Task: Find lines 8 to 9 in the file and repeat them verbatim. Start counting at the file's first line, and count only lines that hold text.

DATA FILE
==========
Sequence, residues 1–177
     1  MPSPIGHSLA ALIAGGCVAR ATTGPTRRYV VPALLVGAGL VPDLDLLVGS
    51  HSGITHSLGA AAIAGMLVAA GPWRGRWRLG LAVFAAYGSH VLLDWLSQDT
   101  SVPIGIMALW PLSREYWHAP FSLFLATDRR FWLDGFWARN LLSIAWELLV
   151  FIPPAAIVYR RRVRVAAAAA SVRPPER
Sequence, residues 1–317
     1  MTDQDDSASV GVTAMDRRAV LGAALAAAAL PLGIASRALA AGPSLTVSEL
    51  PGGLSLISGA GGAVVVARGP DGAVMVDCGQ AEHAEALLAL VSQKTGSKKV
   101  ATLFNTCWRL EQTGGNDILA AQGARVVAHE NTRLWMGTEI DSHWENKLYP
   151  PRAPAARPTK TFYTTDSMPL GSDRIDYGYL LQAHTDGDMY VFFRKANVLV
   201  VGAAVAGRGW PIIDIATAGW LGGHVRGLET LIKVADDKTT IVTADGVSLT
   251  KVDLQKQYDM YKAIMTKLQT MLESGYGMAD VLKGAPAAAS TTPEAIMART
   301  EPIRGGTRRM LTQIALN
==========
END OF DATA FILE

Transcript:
    51  PGGLSLISGA GGAVVVARGP DGAVMVDCGQ AEHAEALLAL VSQKTGSKKV
   101  ATLFNTCWRL EQTGGNDILA AQGARVVAHE NTRLWMGTEI DSHWENKLYP